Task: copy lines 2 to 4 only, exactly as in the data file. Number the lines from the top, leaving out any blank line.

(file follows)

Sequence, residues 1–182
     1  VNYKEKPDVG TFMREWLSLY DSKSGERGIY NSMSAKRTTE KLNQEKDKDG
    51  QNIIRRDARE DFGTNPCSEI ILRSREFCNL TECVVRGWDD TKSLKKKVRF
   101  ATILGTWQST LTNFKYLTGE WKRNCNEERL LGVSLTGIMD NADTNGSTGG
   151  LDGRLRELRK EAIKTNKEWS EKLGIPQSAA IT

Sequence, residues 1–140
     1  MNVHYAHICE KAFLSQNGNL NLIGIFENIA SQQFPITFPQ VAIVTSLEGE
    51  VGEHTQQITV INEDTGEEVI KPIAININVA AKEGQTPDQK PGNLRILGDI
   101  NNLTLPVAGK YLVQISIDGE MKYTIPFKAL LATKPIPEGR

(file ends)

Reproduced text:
     1  VNYKEKPDVG TFMREWLSLY DSKSGERGIY NSMSAKRTTE KLNQEKDKDG
    51  QNIIRRDARE DFGTNPCSEI ILRSREFCNL TECVVRGWDD TKSLKKKVRF
   101  ATILGTWQST LTNFKYLTGE WKRNCNEERL LGVSLTGIMD NADTNGSTGG